Mountain Movers: Mining, Sustainability and the Agents of Change, 1st Edition (Paperback) book cover

Mountain Movers

Mining, Sustainability and the Agents of Change, 1st Edition

By Daniel M. Franks


178 pages | 27 B/W Illus.

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Paperback: 9780415711715
pub: 2015-09-10
Hardback: 9780415711708
pub: 2015-09-23
eBook (VitalSource) : 9781315884400
pub: 2015-09-16
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The products of mining are everywhere – if it wasn’t grown, it was mined or drilled. But the mining industry has a chequered past. Pollution, human rights abuses, and corruption have tarnished the reputation of the industry across the globe. Over a decade ago the major mining companies embraced the concept of sustainable and equitable development and embarked on an explicit process of reform – but has the industry actually changed?

This book explores the dynamics of change-making for sustainable development in the resources sector, specifically the mining of mineral and energy resources. The author recounts the stories and insights of over forty change-makers both inside and outside the industry, from anti-mining activists to the professionals charged with the task of reform, introducing the people who are moving an industry that moves mountains. The book takes stock of what has worked and what has not, analyzing the relative influence and dynamics of the key corporate, civil society and government actors with a view to developing new approaches for improving environmental and social outcomes from mineral and energy development.

Illustrated with case studies from Angola, Australia, Brazil, Canada, Chile, Colombia, El Salvador, Guinea, Peru, The Philippines, Romania, Sierra Leone, South Africa, and The United States of America, and brimming with the backstories to the major sustainability initiatives, Mountain Movers reveals where progress has been made and where reform is still needed towards a more sustainable and equitable mining industry.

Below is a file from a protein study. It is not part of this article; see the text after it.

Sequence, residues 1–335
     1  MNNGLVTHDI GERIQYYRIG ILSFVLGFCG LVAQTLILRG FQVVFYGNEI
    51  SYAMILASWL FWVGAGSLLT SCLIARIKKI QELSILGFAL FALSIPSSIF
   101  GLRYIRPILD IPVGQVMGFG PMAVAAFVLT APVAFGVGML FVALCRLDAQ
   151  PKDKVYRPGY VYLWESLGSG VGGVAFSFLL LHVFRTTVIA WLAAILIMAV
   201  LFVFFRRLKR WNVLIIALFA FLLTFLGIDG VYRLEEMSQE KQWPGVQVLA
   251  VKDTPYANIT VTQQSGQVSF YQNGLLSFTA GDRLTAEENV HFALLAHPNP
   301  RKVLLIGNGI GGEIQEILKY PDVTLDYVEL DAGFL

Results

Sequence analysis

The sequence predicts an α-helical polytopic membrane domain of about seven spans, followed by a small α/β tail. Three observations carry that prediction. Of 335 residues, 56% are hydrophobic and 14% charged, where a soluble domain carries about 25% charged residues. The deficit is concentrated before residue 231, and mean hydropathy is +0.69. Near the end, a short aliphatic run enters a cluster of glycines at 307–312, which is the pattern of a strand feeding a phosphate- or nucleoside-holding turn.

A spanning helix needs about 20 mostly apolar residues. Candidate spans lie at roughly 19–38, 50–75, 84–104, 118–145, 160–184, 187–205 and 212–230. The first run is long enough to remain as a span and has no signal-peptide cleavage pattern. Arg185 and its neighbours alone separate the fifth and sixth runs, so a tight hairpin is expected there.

"A sobering and powerful account… Mountain Movers beautifully and dispassionately takes us through the shades and colorations of mining, the paradoxes confronting the sector, the motivations for change, the unattended frustrations, the mountains still to climb, and the gains achieved so far."Antonio Pedro, Spearhead of the Africa Mining Vision and Director, United Nations Economic Commission for Africa, Sub-Regional Office for Eastern Africa.

"Expansive and compelling, Franks delves into the heart of industry change – and finds that it is the people. A blueprint for the next necessary wave of extractive industry reform."Dame Meg Taylor, Secretary General, Pacific Islands Forum and Former Vice-President & Compliance Advisor Ombudsman, World Bank Group.

"Mountain Movers documents the important progress made in recent years in the global mining industry and the urgent and continuing need for further reform."Keith Slack, Global Program Manager, Extractive Industries, Oxfam America.